An upscale restaurant in an upscale hotel is disadvantaged in ways that give the advantage to us. It's pressed to make a first-class impression, what with potentially furrowed brows on hotel management, and guests not reluctant to express disappointment. So Aspire, in the Hotel Providence, is on the spot — three times a day, since it serves breakfast and lunch as well as dinner. Judging from our recent visit, that's not a problem.
|ASPIRE | 401.521.333 | 31 Westminster St., Providence | AspireRestaurant.com | Sun -Thurs 7 am-10 pm; Fri-Sat, 7 am-10 pm | Major credit cards | Full bar | Sidewalk-level accessible|
It opened last May, replacing L'Epicureo, which didn't do well after its ambitious move from Federal Hill three years before. The decor is more relaxed nowadays. The beautiful, massive, cloth-enclosed crystal chandeliers remain, but everything else is more subdued. Thoughtful design greets the eye wherever it lands. Even the salt and pepper shakers and cream pitchers are graceful objects. The chairs at tables are well-padded, high-backed and all have armrests — at most restaurants, you're lucky to get two out of three.
But enough of background matters. A restaurant with impressive ambience and unimpressive food is an empty box. The menu here isn't large, but it is well chosen. Three soups and three salads, for example, bracket most appetites and taste preferences. New England clam chowder is for the traditionalists, Gruyere-topped three-onion soup for the especially hungry, and roasted pumpkin and butternut squash soup, laced with brandy and crème fraîche, for the imaginative. Seven appetizers are listed as small plates, distinguished from twice that many main dish large plates, including the evening's special.
Nearly two-dozen wines are offered by the glass, and several by the half-bottle. A split of Lunetta prosecco, only $8, provided each of us a glass of bubbly taste bud awakening. We continued with what were listed as traditional Johnny Blue mussels ($10), choosing that among the four shellfish choices, over the New Bedford-style mussels, with chorizo. They were small but plentiful, the white wine and broth doused with a splash of cream in addition to the added garlic and shallots. Sprigs of thyme on top and three slices of grilled bread protruding from beneath completed the display. Needless to say, we enjoyed more than looking at it.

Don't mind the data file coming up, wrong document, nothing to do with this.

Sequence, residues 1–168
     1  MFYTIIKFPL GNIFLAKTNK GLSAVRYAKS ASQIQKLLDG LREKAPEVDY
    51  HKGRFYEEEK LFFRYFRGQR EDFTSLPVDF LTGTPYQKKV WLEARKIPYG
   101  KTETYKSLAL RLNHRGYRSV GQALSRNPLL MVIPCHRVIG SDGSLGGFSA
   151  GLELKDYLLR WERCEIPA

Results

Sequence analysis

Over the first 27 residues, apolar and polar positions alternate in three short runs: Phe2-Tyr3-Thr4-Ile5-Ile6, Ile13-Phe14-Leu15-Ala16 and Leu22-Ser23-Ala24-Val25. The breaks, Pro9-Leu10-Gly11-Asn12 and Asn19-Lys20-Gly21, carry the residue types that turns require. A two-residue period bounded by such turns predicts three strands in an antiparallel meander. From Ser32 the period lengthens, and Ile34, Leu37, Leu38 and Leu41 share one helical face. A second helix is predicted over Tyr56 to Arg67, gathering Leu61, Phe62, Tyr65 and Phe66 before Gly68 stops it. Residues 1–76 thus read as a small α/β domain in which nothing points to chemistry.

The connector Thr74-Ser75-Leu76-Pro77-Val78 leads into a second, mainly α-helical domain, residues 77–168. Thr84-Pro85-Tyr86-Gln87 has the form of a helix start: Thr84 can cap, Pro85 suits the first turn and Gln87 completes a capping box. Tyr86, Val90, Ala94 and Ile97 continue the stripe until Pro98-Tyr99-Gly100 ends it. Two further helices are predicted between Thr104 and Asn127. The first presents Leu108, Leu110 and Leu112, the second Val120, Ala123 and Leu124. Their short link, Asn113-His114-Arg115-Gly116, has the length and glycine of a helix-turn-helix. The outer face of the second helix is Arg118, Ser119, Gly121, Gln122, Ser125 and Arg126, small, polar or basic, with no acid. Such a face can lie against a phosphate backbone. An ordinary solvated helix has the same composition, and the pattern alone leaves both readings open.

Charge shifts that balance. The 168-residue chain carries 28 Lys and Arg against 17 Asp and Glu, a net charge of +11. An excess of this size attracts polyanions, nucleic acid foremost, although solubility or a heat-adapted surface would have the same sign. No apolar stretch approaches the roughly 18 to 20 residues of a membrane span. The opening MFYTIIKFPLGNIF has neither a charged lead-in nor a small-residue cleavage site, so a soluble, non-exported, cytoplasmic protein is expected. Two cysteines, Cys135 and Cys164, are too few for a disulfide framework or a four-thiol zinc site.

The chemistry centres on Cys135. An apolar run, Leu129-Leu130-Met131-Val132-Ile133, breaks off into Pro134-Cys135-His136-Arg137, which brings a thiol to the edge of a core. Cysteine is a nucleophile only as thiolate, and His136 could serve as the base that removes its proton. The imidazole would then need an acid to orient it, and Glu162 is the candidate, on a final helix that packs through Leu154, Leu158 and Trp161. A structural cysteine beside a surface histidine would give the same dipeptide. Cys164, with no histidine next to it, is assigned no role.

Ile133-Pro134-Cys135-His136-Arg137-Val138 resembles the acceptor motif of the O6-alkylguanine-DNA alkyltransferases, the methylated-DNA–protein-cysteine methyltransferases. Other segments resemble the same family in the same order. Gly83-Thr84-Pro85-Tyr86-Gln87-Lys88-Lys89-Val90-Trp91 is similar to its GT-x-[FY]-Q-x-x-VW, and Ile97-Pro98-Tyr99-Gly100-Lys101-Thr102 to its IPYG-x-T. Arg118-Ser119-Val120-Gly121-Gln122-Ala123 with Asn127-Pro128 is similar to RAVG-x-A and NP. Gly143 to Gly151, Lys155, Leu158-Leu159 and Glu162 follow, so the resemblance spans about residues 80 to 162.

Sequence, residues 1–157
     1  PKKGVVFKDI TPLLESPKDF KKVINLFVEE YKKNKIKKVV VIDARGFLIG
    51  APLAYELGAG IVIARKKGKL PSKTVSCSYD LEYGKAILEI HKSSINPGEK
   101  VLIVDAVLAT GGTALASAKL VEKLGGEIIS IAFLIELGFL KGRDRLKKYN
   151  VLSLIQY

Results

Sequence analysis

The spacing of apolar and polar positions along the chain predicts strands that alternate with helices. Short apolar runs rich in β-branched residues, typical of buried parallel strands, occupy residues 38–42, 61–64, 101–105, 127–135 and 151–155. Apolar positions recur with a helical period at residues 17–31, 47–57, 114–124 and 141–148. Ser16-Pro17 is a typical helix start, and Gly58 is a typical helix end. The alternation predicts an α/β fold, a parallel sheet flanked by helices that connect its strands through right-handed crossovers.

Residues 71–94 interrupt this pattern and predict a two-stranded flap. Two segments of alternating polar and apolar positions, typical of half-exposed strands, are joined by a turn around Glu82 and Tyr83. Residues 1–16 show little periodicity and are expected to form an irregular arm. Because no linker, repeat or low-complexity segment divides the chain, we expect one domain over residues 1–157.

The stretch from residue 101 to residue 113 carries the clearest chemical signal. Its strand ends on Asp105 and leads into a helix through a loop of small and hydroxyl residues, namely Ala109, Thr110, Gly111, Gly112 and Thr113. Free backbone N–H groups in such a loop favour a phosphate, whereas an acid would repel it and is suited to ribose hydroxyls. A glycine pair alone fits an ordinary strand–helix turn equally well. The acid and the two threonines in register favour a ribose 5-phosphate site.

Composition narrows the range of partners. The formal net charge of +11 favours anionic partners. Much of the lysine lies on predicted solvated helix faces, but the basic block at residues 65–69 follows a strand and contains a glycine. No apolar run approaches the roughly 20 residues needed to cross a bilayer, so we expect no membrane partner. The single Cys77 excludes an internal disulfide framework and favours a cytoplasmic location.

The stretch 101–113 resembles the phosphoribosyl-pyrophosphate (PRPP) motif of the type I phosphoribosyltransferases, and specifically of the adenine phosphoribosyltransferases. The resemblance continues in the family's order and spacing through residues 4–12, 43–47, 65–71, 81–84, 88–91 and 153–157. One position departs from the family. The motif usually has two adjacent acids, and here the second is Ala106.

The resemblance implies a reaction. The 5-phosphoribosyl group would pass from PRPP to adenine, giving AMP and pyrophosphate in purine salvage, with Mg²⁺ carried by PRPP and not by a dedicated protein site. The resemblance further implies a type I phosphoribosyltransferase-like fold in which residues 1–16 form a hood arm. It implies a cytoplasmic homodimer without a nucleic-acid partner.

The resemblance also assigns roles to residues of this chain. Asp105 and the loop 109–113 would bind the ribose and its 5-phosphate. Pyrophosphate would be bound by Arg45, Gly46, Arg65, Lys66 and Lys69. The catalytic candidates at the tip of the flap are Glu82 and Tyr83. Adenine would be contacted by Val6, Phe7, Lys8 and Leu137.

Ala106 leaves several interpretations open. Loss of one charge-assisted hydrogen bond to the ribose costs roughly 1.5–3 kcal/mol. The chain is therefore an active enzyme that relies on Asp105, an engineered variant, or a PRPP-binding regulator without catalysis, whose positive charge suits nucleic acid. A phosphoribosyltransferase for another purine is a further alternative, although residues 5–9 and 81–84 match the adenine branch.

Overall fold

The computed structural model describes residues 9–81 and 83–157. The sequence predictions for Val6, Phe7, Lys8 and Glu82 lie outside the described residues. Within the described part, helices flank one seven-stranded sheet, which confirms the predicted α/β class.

The bread basket came with a small bowl that contained what looked like balsamic vinegar under the oil. But it was a cranberry and port wine reduction — sweetly ingenious.
The array of appetizers, most $10-$12, contained numerous interesting temptations to consider, such as ahi tuna tartare accented with caviar, and spring rolls containing Fuji apple and Napa cabbage with Long Island duck. Our helpfully informative waitress, April, suggested the house-made chicken ravioli, which had such ingredients as Gorgonzola and sage-walnut cream going for it. But our appetites were modest, so we just split a Caesar salad ($8), which had a white anchovy draped on each portion, and which was just the right quantity for two.
The large plate choices are listed under "Earth" and "Ocean." Being an earthy sort myself, my attention gravitated to the Berkshire pork chop ($27), which involved pear and pancetta, as well as candied walnuts and sage cream, a combination worth ordering just to satisfy my curiosity. There was also pork osso bucco ($27) and veal Bolognese ($22), the cutlet served over orecchiette pasta with red sauce.
But my appetite was less carnivorous than usual, so soon I was staring down at Maine lobster and shrimp over pappardelle pasta ($33). There were two succulent claws, plus most, if not all, of the tail, and a scattering of medium shrimp. As much of a treat was the black pepper cream sauce, speckled with scallions and quite tasty.
Johnnie didn't do badly either with her roasted root vegetable ravioli ($18). Spinach, butternut squash, and finger-sized carrots accompanied crunchy chopped vegetables inside the dense pillows. As with my wide ribbons of pasta, they were cooked with restraint and were delicious.
There are five kitchen-made desserts ($7), as well as an artisanal cheese platter. But once we saw that they offered bananas Foster for two ($12), there was no real choice. We would have enjoyed it even without the theatrical presentation at tableside, the banana disks sautûed in butter and flambûed in a flaming hiss of Meyer's dark rum and Bacardi 101, the concoction poured over a thin sheet of white cake and vanilla ice cream. We felt as well treated as the honeymooners in the penthouse suite.
Bill Rodriguez can be reached at email@example.com.